Is wheat starch safe on a GF diet? Why can’t we have beer crafted to remove gluten?

Katarina Mollo MEd, RDN, LDN
Q: I searched and saw the post about Digiorno Pizza and wheat starch, so to clarify, since FDA declares it safe, we are good to eat it as celiac since the wheat starch was crafted to remove gluten? 2nd question... if wheat starch removes gluten is tested to under 20ppm, why can't we have beer crafted to remove gluten if tested to under 20ppm? Confused.... help?

Answer


Great question! What is considered gluten free and what is not can sometimes be very confusing.

Wheat starch that has been processed and tested to contain less than 20 parts per million (ppm) gluten is allowed to be used as an ingredient in gluten-free products that fall under the Food and Drug Administration (FDA). Note that not all wheat starch is the same though. Wheat starch that is used in gluten-free products has been “separated” from the gluten protein and artificially rendered gluten free.

Products that are labeled gluten free and contain wheat starch are required to disclose this on the label per the FDA and include the following statement: "The wheat has been processed to allow this food to meet the Food and Drug Administration's requirements for gluten-free foods."

I want to note that the use of wheat starch is controversial for gluten-free foods. The FDA does not consider wheat starch a hydrolyzed or fermented food, even though hydrolysis can be part of the process, and this presents a problem to accurately test the product for gluten content as there are no tests that can reliably detect hydrolyzed or fermented gluten. So, I would proceed with caution when consuming gluten-free wheat starch, as it is a high-risk food for cross-contact with gluten.

Read more on GF Watchdog about GF wheat starch:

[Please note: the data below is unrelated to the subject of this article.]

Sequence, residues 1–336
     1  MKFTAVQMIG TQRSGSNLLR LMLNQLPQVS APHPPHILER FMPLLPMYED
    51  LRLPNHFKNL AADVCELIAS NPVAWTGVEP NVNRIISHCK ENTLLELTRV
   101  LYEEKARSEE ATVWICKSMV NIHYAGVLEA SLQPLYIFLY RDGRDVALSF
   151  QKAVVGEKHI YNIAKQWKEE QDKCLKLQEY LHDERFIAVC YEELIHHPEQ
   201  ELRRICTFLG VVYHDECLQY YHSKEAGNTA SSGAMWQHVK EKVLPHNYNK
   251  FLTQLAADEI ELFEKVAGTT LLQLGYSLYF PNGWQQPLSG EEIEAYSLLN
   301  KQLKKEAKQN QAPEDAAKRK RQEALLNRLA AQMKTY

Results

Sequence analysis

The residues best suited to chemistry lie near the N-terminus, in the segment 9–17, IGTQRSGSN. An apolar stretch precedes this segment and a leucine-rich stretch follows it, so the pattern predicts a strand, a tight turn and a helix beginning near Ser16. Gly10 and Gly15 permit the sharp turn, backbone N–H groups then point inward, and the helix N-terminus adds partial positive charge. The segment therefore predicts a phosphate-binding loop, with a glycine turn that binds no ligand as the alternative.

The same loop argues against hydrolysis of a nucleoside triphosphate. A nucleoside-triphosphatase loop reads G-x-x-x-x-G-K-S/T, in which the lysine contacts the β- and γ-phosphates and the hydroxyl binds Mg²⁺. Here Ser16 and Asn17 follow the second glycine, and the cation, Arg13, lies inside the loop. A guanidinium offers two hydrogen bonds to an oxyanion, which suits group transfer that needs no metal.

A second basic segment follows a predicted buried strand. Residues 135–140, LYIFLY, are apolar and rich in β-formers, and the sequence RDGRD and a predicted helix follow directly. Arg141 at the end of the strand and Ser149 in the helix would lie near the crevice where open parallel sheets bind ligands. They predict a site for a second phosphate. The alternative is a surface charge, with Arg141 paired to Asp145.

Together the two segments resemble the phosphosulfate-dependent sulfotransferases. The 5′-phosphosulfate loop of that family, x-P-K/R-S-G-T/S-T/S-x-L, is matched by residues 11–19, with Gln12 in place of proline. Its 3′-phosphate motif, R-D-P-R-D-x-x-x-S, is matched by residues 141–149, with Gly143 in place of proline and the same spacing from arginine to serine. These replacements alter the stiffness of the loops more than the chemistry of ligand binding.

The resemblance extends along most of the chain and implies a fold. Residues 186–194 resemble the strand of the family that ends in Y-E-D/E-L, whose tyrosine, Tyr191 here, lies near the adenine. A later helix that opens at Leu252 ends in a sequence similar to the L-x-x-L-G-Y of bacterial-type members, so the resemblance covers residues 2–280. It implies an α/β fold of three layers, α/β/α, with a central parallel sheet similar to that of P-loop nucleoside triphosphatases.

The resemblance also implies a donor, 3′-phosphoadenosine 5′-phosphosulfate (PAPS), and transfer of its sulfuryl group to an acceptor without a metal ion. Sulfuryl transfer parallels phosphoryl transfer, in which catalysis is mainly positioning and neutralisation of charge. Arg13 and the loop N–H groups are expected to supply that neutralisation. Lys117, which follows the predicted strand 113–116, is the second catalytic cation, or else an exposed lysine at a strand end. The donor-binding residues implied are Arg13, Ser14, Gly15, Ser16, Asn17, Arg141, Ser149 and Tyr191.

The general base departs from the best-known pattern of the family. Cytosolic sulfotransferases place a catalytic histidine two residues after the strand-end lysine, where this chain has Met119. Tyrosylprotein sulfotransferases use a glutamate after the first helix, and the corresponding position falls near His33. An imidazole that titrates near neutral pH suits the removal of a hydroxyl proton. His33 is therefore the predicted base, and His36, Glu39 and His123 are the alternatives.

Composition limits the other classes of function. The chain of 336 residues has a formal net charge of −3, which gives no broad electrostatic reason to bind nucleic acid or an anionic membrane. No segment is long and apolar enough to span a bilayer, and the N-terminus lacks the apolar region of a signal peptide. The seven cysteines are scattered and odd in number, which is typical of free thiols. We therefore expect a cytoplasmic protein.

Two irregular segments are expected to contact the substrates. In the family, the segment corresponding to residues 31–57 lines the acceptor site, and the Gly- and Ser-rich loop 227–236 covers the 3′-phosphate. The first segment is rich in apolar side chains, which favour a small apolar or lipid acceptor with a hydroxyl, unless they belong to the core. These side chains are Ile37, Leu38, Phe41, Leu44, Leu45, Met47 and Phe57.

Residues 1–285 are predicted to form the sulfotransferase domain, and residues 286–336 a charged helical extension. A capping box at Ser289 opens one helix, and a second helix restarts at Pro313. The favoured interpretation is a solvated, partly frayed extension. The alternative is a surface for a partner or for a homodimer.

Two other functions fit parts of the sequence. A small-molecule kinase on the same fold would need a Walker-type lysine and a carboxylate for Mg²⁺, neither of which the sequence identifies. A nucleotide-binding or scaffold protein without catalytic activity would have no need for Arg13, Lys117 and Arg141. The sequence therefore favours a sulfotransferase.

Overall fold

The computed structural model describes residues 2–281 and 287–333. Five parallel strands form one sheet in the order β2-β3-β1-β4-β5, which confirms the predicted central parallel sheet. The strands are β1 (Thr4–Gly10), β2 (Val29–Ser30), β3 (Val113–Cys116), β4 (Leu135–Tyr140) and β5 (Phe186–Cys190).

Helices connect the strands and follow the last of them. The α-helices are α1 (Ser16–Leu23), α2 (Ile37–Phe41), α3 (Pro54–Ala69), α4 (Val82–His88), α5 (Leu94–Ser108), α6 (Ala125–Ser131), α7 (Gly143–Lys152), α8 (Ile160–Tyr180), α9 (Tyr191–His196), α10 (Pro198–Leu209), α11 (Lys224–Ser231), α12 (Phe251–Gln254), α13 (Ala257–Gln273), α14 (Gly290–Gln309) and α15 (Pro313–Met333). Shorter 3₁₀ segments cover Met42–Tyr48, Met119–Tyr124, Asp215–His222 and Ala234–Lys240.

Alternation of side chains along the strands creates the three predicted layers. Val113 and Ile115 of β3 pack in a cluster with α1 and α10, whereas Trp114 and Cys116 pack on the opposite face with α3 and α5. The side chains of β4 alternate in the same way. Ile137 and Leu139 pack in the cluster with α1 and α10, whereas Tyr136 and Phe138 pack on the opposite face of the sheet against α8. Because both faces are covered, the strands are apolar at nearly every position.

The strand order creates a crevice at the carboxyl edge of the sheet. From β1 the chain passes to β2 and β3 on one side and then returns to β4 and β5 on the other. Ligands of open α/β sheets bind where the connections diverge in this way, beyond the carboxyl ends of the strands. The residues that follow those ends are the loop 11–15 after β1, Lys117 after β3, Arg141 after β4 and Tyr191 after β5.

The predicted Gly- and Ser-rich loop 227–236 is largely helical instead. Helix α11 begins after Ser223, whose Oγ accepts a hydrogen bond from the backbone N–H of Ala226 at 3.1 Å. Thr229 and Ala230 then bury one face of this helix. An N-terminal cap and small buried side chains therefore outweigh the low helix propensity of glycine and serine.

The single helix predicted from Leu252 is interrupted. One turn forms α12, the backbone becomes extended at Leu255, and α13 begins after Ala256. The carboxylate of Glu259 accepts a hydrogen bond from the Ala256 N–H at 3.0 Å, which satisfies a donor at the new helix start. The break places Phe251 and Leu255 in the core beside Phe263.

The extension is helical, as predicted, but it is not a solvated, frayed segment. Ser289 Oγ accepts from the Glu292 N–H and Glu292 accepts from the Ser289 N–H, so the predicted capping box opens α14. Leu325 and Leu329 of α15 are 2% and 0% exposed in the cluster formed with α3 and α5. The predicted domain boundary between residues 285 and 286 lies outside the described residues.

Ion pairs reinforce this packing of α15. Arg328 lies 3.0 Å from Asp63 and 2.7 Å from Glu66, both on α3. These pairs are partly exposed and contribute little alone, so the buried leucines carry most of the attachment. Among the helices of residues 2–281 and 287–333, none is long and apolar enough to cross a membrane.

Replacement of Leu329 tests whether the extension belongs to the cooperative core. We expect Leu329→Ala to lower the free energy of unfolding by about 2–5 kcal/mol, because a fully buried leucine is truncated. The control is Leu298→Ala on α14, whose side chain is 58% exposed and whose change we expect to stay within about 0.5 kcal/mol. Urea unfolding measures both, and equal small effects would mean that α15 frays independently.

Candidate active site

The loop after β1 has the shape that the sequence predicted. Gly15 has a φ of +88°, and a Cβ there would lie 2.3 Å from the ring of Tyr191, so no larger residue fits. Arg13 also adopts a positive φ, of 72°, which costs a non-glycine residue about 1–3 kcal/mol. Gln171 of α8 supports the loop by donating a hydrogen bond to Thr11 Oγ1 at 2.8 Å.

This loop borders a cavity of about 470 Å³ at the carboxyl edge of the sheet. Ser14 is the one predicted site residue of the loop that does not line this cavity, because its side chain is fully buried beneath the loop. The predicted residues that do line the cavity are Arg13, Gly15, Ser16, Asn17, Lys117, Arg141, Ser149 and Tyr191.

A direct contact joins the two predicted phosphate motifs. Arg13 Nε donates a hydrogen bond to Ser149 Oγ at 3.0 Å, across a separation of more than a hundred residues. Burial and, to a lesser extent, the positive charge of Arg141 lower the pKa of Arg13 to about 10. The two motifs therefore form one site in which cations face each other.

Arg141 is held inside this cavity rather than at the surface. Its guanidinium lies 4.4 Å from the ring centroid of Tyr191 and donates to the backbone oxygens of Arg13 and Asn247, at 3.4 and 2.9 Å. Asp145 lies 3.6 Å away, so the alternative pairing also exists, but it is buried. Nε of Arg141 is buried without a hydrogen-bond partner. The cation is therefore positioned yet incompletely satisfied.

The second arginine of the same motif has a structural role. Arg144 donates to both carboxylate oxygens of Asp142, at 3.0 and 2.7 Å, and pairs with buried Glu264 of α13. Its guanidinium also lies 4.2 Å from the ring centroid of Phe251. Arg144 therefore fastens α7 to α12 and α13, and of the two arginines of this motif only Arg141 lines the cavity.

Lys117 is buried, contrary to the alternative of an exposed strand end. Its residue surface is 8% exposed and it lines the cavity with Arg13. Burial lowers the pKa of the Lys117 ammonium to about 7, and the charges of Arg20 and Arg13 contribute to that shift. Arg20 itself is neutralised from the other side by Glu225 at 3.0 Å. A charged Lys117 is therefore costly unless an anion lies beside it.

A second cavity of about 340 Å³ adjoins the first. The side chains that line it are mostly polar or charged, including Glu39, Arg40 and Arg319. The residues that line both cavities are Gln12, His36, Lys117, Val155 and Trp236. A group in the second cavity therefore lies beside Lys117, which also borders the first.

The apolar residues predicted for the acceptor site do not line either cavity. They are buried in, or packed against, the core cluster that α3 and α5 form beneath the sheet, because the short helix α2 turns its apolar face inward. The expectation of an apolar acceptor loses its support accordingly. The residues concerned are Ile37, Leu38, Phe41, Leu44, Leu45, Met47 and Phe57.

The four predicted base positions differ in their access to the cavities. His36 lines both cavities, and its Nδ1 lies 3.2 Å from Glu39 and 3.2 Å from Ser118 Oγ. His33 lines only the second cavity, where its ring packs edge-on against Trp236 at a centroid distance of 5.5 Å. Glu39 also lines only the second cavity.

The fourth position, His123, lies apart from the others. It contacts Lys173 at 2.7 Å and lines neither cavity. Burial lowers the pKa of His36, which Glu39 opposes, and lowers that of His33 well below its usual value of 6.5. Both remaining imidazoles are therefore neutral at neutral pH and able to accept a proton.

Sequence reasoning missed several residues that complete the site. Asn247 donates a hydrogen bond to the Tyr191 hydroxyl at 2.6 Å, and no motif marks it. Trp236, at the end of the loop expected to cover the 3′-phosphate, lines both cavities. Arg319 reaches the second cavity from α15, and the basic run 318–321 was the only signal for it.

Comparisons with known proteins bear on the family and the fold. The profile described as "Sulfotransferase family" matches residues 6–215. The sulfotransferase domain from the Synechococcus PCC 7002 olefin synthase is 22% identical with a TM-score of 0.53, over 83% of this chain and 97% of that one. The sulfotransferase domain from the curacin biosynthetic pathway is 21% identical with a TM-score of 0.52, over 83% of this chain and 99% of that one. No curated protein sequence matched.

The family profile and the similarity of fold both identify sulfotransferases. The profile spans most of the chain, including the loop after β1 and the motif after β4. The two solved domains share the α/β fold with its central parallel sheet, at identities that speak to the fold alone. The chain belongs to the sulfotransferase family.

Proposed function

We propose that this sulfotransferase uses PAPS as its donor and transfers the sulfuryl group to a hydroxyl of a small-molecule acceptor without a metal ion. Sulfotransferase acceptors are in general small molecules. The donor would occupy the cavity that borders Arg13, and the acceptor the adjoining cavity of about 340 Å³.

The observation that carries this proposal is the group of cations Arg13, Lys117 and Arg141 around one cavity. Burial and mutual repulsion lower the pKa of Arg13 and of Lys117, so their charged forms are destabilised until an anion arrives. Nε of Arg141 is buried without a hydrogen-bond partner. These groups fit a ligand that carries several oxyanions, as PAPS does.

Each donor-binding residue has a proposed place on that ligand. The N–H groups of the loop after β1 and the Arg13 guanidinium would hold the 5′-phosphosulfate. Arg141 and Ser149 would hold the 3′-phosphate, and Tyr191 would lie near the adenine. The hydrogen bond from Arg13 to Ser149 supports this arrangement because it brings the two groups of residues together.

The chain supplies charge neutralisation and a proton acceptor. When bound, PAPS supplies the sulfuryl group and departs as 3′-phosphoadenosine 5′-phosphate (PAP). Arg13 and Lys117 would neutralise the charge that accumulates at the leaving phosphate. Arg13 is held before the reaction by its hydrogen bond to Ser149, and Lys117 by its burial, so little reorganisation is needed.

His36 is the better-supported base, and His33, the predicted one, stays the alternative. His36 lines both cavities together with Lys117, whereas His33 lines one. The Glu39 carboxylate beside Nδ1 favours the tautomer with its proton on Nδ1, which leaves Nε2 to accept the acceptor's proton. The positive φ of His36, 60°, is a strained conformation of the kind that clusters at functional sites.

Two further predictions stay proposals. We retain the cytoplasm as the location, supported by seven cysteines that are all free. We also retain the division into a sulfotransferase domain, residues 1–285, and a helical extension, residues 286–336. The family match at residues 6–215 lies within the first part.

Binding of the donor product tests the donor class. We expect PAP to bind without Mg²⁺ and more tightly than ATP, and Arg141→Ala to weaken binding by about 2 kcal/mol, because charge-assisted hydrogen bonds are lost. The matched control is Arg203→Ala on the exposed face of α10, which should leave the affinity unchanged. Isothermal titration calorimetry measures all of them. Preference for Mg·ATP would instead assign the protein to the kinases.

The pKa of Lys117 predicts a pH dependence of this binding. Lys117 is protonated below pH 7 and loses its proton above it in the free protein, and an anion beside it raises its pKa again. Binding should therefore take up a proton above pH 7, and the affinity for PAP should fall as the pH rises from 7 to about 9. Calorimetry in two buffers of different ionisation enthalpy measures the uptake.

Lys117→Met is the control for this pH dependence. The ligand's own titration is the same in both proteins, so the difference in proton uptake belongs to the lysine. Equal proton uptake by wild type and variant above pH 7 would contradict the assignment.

https://www.glutenfreewatchdog.org/news/what-the-fda-has-to-say-about-wheat-starch-and-hydrolyzed-gluten/

In terms of beer, it is fermented and as previously mentioned, currently there are no reliable tests that adequately detect gluten in fermented or hydrolyzed foods. Therefore, manufacturers have to make sure ingredients are gluten-free prior to fermentation to be able to call it gluten free.

Gluten-free beer: A beer where the starting material is gluten-free (such as sorghum) and then fermented.

Gluten-removed beer: A beer where the starting material is wheat, barley (malt), or rye that is then fermented and treated with an enzyme to break down the gluten protein into smaller parts.

As there is no test to accurately detect gluten in hydrolyzed or fermented foods, there is no way of knowing how much gluten is present in gluten-removed beer, and it is not recommended for people with celiac disease.

Read more about labeling and fermented foods here:

https://nationalceliac.org/celiac-disease-questions/labeling-fermented-and-hydrolyzed-foods/

In terms of beer labeling, most gluten-removed beer would fall under the Alcohol and Tobacco Tax and Trade Bureau (TTB). They regulate alcoholic beverages that contain over 7% alcohol, as well as any malted beverage containing both malted barley and hops. The TTB does not allow products that have gluten-containing grains as starting materials to have a gluten-free claim.

So, in summary, someone with celiac disease should not consume gluten-removed beer and should be cautious of products containing wheat starch.

References:

Food and Drug Administration (FDA). Food Labeling of Gluten-Free and Fermented or Hydrolyzed Foods. FDA Website:

https://www.federalregister.gov/documents/2020/08/13/2020-17088/food-labeling-gluten-free-labeling-of-fermented-or-hydrolyzed-foods Published August 13, 2020. Accessed July 16, 2021.

Thompson T. What the FDA has to say about wheat starch and hydrolyzed gluten. GF Watchdog Website: https://www.glutenfreewatchdog.org/news/what-the-fda-has-to-say-about-wheat-starch-and-hydrolyzed-gluten/ Published September 14, 2020. Accessed July 16, 2021.

Thompson T. Gluten-free labeling of alcohol. GF Watchdog Website: https://www.glutenfreewatchdog.org/news/gluten-free-labeling-of-alcohol/ Published May 23, 2017. Accessed July 16, 2021.

Note: This information is provided by NCA and Katarina Mollo MEd, RDN, LDN, NCA's Director of Education. This information is meant for educational purposes only and is not intended to substitute for personalized medical advice or replace any medical advice provided directly to you by your health care provider. No liability is assumed by the NCA or Katarina Mollo, MEd, RDN, LDN by providing this information.

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